Fitting poles and zeros to complex acoustic reflectance (CAR) data using a "rational approximation method" (Gustavsen & Semlyen, 1999) allows for a precise parameterization of complex real-ear measurements. CAR is measured using a foam-tipped probe sealed in the ear canal, containing a microphone and receiver. From the complex pressure response to a broadband stimulus, the acoustic impedance and reflectance of the middle ear can be calculated as functions of frequency. The goal of this work is to establish a quantitative connection between the fitted polezero locations and underlying physical properties of the CAR and impedance of the middle ear. It was found that (1) the contribution of the ear canal may be approximated as the lossless all-pass component of the factored reflectance fit, (2) individual CAR magnitude variations for normal middle ears in the 1 to 4 kHz range give rise to closely-placed pole-zero pairs, and (3) properties of the pole-zero fit may differ between normal and pathological middle ears. Pole-zero fitting allows for concise characterization of individual CAR measurements, providing a foundation for modeling individual and pathological variations of middle ears.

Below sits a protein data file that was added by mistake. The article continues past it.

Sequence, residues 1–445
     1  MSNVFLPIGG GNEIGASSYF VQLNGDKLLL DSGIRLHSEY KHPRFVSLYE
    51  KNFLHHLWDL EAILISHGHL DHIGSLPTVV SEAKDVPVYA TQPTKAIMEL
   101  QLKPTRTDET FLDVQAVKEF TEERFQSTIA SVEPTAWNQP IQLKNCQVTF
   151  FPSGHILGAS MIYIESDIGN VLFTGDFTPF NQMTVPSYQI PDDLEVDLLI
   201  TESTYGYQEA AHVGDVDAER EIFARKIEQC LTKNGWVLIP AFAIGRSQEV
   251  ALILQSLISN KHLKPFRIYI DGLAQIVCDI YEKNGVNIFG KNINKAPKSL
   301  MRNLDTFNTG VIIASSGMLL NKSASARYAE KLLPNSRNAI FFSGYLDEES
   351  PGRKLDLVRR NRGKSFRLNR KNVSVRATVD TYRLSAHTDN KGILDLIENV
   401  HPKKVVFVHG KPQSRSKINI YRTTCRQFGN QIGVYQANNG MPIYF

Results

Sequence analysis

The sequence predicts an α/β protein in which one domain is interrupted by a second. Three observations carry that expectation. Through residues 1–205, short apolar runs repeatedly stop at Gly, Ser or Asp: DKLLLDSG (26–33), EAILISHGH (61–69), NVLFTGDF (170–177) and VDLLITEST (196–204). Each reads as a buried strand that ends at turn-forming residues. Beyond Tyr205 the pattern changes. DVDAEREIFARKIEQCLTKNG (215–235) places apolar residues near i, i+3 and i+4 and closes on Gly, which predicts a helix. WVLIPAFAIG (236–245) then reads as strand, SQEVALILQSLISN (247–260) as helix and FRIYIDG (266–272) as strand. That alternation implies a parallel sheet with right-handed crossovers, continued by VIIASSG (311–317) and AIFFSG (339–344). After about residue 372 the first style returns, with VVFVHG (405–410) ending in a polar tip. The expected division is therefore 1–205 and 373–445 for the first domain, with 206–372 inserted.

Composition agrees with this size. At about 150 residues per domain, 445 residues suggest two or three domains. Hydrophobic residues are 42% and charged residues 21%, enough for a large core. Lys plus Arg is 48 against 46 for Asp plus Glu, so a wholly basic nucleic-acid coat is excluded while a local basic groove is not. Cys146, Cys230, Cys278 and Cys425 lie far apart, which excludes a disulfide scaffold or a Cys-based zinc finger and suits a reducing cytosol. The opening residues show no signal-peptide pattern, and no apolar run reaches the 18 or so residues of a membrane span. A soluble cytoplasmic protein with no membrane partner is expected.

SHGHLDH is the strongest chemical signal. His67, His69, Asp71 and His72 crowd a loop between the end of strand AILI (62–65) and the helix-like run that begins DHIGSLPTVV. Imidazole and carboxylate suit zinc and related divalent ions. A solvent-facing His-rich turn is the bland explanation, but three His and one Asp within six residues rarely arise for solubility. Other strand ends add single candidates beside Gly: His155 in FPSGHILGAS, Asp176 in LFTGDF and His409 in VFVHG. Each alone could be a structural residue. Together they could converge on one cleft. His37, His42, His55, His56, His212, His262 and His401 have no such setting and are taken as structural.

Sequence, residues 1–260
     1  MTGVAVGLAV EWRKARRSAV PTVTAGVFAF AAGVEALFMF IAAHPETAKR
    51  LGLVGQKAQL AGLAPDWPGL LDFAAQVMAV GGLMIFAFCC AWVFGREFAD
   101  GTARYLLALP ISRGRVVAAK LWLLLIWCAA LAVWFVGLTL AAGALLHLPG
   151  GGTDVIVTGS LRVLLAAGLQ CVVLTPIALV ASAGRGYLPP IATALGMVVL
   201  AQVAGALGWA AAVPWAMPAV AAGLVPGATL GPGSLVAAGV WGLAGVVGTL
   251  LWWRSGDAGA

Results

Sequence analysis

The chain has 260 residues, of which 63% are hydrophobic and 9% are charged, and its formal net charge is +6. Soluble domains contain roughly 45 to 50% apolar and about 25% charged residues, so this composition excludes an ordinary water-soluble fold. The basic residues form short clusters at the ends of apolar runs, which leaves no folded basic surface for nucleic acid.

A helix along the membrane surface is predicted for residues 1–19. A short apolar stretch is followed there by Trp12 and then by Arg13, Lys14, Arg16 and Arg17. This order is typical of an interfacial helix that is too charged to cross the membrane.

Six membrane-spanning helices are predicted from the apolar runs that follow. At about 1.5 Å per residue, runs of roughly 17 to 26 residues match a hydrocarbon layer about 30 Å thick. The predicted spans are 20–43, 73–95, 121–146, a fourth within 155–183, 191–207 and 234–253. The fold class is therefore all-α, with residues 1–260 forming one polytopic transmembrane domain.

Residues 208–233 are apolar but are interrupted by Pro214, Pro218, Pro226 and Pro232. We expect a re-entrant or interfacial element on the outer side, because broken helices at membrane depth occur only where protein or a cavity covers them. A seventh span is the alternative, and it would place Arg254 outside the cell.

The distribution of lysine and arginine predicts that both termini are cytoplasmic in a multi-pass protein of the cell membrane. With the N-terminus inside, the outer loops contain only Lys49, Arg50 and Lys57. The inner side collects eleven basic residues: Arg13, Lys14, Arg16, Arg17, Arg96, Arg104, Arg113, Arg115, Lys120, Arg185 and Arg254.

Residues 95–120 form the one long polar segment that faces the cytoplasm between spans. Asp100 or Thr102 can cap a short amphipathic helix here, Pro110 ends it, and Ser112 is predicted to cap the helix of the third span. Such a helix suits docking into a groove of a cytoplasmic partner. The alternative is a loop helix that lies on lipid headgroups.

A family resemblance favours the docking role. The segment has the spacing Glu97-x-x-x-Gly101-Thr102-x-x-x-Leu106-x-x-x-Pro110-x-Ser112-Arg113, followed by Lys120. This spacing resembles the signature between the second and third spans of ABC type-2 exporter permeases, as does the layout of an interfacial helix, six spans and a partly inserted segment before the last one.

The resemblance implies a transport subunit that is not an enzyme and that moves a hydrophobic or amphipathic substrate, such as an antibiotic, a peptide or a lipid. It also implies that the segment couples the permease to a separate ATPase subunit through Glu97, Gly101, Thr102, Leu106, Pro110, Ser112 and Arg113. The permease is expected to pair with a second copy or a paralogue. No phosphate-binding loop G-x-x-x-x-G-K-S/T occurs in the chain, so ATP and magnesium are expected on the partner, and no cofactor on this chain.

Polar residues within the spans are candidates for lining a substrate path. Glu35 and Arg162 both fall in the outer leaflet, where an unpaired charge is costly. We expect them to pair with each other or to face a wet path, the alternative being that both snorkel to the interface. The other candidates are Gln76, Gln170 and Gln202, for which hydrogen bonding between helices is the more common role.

|Original language||English (US)|
|Journal||Proceedings of Meetings on Acoustics|
|State||Published - Jun 19 2013|
|Event||21st International Congress on Acoustics, ICA 2013 - 165th Meeting of the Acoustical Society of America - Montreal, QC, Canada|
Duration: Jun 2 2013 → Jun 7 2013
ASJC Scopus subject areas
- Acoustics and Ultrasonics